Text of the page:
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Thursday 7 December 2023 Dublin: 10°C
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Figures show rise in breaches of domestic violence court orders

Breaches of court orders are on the rise, but convictions for the offence were lower last year than in 2021.

FIGURES RELEASED BY the Gardaí show that in recent years there has been a rise in breaches of domestic violence related court orders including barring, interim barring, protection and safety orders. 

In 2018 there were 3035 incidents relating to court orders being breached reported t0 Gardaí. 

This escalated to 4,675 incidents in 2021, which rose once again to 4,741 incidents in 2022. 

Between January and May of this year, 1736 complaints on breaches of domestic violence related court orders were recorded. 

Louth TD Fergus O’Dowd requested the figures from then Justice Minister Simon Harris. 

Commenting on the upwards trend in court orders being breached, O’Dowd called for tougher sentencing to be introduced for perpetrators of domestic violence and those who breach court orders “that are in place to protect their victims”. 

O’Dowd added that the rise in reports of orders being breached was matched by a rise in convictions most years – however there was a slight drop in convictions last year. 

530 convictions were made in 2021, which dropped to 502 in 2022. 

“183 convictions recorded in the first three months of this year indicate an upward trend in convictions again this year,” O’Dowd said. 

However, the figures provided by Minister Harris show that in over half of the cases that lead to prison court orders in 2021, the perpetrators received a suspended sentence and did no jail time for the offence. 

“However according to information provided by the Courts Service, an individual may have perpetrated more than one offence and received a prison sentence on one offence and a suspended sentence for another offence,” O’Dowd explained. 

The TD said that the rise in domestic violence reflected in the released figures is “extremely worrying, not to mention the horrific physical and emotional impact it has on victims and their families and the challenges they face in the aftermath”.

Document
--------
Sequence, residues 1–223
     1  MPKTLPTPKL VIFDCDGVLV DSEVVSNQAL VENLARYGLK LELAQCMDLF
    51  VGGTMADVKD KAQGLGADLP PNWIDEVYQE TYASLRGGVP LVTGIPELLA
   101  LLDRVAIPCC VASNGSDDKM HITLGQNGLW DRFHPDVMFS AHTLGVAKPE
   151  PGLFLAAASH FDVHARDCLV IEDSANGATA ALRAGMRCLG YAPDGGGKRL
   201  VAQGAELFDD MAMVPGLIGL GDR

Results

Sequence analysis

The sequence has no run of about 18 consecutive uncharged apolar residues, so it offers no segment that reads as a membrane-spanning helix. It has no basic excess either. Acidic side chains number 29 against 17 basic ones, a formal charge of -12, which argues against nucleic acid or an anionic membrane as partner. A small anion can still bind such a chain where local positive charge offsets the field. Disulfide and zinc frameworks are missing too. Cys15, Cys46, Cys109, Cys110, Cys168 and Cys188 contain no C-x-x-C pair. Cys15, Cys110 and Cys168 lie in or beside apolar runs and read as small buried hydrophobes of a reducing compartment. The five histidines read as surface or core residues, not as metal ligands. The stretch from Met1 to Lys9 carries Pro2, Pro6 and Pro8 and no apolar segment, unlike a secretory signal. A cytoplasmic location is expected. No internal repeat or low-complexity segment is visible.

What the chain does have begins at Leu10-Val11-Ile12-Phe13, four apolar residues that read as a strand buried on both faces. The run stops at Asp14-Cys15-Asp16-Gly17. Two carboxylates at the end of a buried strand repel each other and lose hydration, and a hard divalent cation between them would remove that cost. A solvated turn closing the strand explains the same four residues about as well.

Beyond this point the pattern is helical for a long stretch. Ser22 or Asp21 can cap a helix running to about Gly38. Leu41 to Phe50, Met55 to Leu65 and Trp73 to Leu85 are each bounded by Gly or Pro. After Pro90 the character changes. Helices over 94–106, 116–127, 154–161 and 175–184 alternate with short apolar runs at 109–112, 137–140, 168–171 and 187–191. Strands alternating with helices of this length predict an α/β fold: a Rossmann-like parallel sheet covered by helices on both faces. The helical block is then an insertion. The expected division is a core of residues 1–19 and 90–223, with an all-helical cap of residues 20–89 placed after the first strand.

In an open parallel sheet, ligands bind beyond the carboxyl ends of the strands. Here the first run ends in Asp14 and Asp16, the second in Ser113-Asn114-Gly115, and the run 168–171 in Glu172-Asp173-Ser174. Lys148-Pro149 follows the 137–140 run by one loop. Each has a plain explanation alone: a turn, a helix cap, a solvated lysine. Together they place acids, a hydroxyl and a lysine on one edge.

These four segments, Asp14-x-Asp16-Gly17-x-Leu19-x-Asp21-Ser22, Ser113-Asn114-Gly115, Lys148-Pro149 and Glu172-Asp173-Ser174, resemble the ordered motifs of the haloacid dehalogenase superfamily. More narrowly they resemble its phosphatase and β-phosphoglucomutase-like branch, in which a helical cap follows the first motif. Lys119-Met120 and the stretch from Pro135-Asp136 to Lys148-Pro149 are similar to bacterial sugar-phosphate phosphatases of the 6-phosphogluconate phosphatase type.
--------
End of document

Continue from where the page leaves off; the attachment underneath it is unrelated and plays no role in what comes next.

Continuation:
The most commonly breached court order is a protection order. These are typically issued by courts when an applicant has applied for a barring or safety order. 

A protection order bars a respondent from using violence or threats of violence against the applicant, or molesting or putting them in fear if they are in the same house. 

It also prevents the respondent from watching or besetting the house where the applicant is living. 

This kind of court order usually expires once a court has decided whether to grant the applicant a barring or safety order (the former bans the respondent from attempting to enter the home). 

There has also been a year on year rise in the amount of general domestic violence reports made to Gardaí, which are recorded as “domestic – no offence identified”. 

In 2018 15,107 reports were made of this nature. Last year this figure rose to 27, 734. 

In the first three months of this year, 9,400 reports were made. 

Women’s Aid – one of Ireland’s leading organisations that works with victims of domestic violence – said that it received a record high number of domestic abuse reports last year. 

It warned that the system to support victims and survivors is under strain. 

The Women’s Aid annual report for 2022 revealed that almost 34,000 disclosures of domestic abuse against women and children made to the charity – representing a 16% increase on the previous year. 

It also found that 12 women died violently last year in Ireland, with five more women losing their lives in allegedly violent circumstances. 

Minister Harris said that combatting all forms of domestic, sexual and gender-based violence remains a priority for the Government, the now Justice Minister Helen McEntee and the Garda Commissioner. 

“Historically, people may have felt unable to come forward to report domestic violence, however An Garda Síochána and my Department continue to work hard to strengthen trust and confidence in the criminal justice system, so that victims can feel supported when reporting their experience.

“I can assure the Deputy that An Garda Síochána prioritise and proactively respond to incidents of domestic abuse. There is now a Divisional Protective Services Unit in each Garda Division, meaning specialised teams are in place nationwide to engage with vulnerable victims in these most difficult cases,” he said. 

Harris added that Gardaí have introduced new mandatory domestic violence training for members of the force, as well as training for using the ‘Risk Evaluation Tool’ to ensure all vulnerable victims receive the service and supports they need. 

Minister McEntee has introduced legislative measures to increase penalties for domestic violence offences, and to protect victim’s of stalking and harassment. 


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